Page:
"The French Love This Film Because They Can't Understand It"
Another post in the "what I've been watching" category.
Hmm, I could say that you haven't lived until you've seen a film in Esperanto starring William Shatner but I don't know...I couldn't even convince Shades that it was worth 75 minutes of her time. No argument there since, let's just say that listening to Shatner talk Esparanto for an hour is an acquired taste!
Shatner, if you can stand him, is actually somewhat subdued (for him) and is obviously making an effort to extract a performance in this bizarre film. The cinematography is the real standout in this film, shot by Conrad Hall. Hall got his start with Leslie Stevens working on The Outer Limits. He went on to work in feature films, even winning an Oscar for American Beauty. The guy got some interesting and creepy looks from the low-budget shoot. Much of the dialogue seems disjointed and delivered with an odd tone. The thing works as a curiosity and if you can get your mind around an "allegorical" story shot somewhat like a Bergman film. The review summed it up best, but if you're curious, it's worth a look for I've never seen anything quite like it.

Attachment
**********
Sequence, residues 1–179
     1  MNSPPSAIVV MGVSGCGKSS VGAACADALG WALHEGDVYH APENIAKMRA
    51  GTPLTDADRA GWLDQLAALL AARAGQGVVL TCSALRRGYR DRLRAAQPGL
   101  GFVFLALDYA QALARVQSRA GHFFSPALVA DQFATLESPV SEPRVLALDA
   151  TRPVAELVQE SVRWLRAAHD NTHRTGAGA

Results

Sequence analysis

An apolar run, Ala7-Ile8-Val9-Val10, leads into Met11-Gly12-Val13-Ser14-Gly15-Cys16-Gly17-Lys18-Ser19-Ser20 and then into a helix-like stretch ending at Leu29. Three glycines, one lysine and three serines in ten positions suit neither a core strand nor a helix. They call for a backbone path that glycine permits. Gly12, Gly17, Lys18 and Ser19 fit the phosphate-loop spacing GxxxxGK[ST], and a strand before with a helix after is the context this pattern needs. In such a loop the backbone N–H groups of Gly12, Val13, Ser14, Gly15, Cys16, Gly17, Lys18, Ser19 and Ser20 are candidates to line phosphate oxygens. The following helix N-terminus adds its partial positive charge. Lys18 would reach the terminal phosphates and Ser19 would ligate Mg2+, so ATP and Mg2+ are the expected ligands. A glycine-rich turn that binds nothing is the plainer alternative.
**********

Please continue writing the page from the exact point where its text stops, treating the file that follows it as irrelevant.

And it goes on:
The DVD, sourced from the only print of the film known to exist, is a bit rough, but watchable. The bonuses include an interesting interview with some of the people (those not done in by the so-called Incubus Curse a Salon.com article), an audio commentary with the same guys, and a commentary with Shatner.
Shatner has some interesting things to say about the film, such as the fact that Gene Roddenberry considered doing Star Trek in Esparanto...my, that would have been interesting! Shatner also has things to say about the other actors and admits that no one really knew what they were saying when they spoke the lines. The commentary has some real gaps, so it would have been nice to have had it edited in with someone else or shortened. One amusing thing he says, after talking about the difficulty of languages and some Bushman tribe in Borneo that speaks in a "clicking" language, is this: "A bushman version of Incubus would be a very interesting picture to see...only if I could direct it!" He then laughs out loud. Indeed!